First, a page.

The former nursing home sunroom on the far side of the dining room is now the Jones’ bright, spacious living room. Windows covered in gauzy draperies fill the room with light, and lovely seating arrangements, which complement a gathering of any size, invite conversation on the French Empire settees and mid-century leather sofa.

The former medicine dispensary on the main hall was converted into a bar and reflects the couple’s personal style and taste for old items. The bow of a canoe outfitted with shelving stores liquor bottles near a totem pole from the Pacific Northwest. A 1908 Tallapoosa County soil map – showing the area prior to the flooding to create Lake Martin – hangs near a pub table.

In the media den, a wooden carving depicts the Hindu god, Shiva, ready to punish sinners with his club. He resides peaceably alongside a Red Grooms original painting on the opposite wall, and next to a 1972 yellow and orange optical art oil that was a wedding gift once displayed at the Birmingham Museum of Art. The curved screen TV rests on a Chinoiserie-style sideboard opposite ’70s-style sofas bordered by two inlaid Italian chests of drawers. Over one sofa, a pop art painting of Richard Saul’s “War Machine” collects all the colors and styles in the room.

Adjacent to the den, which previously served as the nursing home dining room, the kitchen posed one of the greatest challenges of the renovation.

“It had been an industrial kitchen in the nursing home days, and it had been gutted by the time we bought the place. We had to start almost from scratch.” Jones said. “The tile was in good shape, so we didn’t want to tear it up and put it in a landfill, but it was awful. We found a treatment for the tile to make it something we could use.”

They added a galley to one wall with plenty of counter space and use an island table with receding seats for informal dining. The refrigerator fits in an alcove of its own, and a butler’s cabinet configuration provides a staging area at the entrance to the kitchen from the den.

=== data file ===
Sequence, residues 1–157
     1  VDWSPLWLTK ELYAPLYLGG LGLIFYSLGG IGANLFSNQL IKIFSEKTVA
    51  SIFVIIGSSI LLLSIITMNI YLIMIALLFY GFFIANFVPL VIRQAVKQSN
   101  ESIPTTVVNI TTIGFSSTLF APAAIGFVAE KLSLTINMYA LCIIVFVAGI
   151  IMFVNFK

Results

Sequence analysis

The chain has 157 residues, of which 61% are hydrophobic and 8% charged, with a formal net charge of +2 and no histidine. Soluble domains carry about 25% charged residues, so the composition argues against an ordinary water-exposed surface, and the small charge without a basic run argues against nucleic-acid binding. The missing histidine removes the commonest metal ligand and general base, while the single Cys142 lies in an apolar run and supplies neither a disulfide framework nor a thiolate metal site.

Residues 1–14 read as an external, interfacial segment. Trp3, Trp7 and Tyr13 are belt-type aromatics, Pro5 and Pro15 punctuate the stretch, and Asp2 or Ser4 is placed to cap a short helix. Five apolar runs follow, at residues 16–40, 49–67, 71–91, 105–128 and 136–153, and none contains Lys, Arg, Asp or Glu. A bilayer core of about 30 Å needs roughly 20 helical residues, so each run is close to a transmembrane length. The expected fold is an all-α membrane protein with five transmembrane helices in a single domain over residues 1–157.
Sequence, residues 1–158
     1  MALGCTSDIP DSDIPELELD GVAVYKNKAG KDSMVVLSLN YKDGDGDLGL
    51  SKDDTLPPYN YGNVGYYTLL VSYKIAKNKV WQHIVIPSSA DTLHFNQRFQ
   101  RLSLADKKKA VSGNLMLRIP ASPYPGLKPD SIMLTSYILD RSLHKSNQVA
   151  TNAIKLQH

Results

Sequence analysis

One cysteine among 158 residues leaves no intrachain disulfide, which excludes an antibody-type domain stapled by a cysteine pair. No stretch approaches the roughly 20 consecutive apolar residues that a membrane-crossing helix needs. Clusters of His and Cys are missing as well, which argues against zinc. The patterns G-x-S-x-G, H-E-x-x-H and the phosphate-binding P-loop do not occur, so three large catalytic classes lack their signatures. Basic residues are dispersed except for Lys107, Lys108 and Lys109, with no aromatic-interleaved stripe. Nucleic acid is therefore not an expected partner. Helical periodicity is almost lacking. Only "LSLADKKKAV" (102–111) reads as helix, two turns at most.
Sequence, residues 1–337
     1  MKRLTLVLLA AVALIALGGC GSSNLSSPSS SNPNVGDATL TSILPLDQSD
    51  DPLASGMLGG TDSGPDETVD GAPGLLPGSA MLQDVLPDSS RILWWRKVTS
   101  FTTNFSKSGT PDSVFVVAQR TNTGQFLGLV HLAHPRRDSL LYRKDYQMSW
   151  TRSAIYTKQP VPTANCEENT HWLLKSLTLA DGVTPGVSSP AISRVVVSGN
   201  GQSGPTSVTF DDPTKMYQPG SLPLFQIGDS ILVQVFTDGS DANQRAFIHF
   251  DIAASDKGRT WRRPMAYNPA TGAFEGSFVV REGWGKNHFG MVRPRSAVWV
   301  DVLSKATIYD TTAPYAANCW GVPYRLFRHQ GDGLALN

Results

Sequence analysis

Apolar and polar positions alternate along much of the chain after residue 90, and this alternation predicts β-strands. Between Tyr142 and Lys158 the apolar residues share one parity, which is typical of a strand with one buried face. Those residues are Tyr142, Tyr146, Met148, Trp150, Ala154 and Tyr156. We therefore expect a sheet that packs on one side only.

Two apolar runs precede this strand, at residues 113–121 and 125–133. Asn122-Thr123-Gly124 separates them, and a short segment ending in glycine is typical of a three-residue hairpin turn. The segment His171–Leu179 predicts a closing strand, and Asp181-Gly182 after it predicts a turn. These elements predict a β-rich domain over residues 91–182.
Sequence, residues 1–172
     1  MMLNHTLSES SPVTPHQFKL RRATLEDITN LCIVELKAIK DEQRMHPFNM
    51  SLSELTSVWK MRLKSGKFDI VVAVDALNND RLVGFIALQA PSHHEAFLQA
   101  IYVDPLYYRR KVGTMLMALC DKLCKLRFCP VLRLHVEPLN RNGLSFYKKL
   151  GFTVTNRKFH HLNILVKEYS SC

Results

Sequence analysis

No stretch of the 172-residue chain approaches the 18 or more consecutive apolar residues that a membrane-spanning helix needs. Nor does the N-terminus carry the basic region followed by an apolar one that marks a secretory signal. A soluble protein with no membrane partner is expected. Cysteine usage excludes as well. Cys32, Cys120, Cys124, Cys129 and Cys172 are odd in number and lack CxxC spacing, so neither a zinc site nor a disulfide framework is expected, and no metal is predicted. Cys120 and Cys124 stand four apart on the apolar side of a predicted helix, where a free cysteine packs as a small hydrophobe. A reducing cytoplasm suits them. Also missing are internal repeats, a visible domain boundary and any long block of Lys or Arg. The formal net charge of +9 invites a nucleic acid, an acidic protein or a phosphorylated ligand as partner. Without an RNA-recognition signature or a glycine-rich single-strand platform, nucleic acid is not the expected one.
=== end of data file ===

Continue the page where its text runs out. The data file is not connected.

One full kitchen wall is devoted to an 1840s Ohio train station bench, the seatback of which can be flipped from one side to the other, so waiting passengers would be looking the right direction when the next train arrived. Dominating the wall above is a large commissioned painting featuring North Georgia artist John “Cornbread” Anderson’s iconic spotted guinea hens.

In the adjacent laundry room, the cabinetry features stainless steel and glass doors that were upcycled from the fire extinguisher cabinets previously spaced throughout the nursing home. Above the sink hangs a delicately hammered platter, crafted from melted aluminum by local men around the time Lake Martin was created; it was purchased at the old gas station that once operated next to Floyd’s in downtown Dadeville. 

The laundry room previously opened onto a concrete loading dock, but the owners recently converted it into a treehouse-like deck for grilling, complete with privacy fencing.

Bedrooms and other utilitarian spaces line the outer halls. The couple opened the walls between two resident rooms to create a master suite; then, they turned other bedrooms into an exercise room and an office for each of them. Currently, the home has six guest bedrooms, as well as one guest office space, though they are still playing with the finishes.

Throughout the home, classic mid-century modern furnishings blend warmly with antique sofas and cabinetry, and modern art shows beautifully with Indian artifacts that Stokes collected years ago. These pieces include matching male and female busts – an Indian Maharaja and his Maharini, which he purchased in Bombay in 1988; horse-bird figurines on the dining room mantel that are from a Hindu temple; and a carved wooden Jesus statuette.

“The Jesus statue is surprisingly also Indian,” Stokes explained. “It came from a Catholic church in a former French colony in South India.”

Sparkling chandeliers – some dripping with history and others clearly modern – draw the rooms together, reflecting the unique perspective, appreciation for art and love of history that the Joneses brought with them when they came back home to Alabama.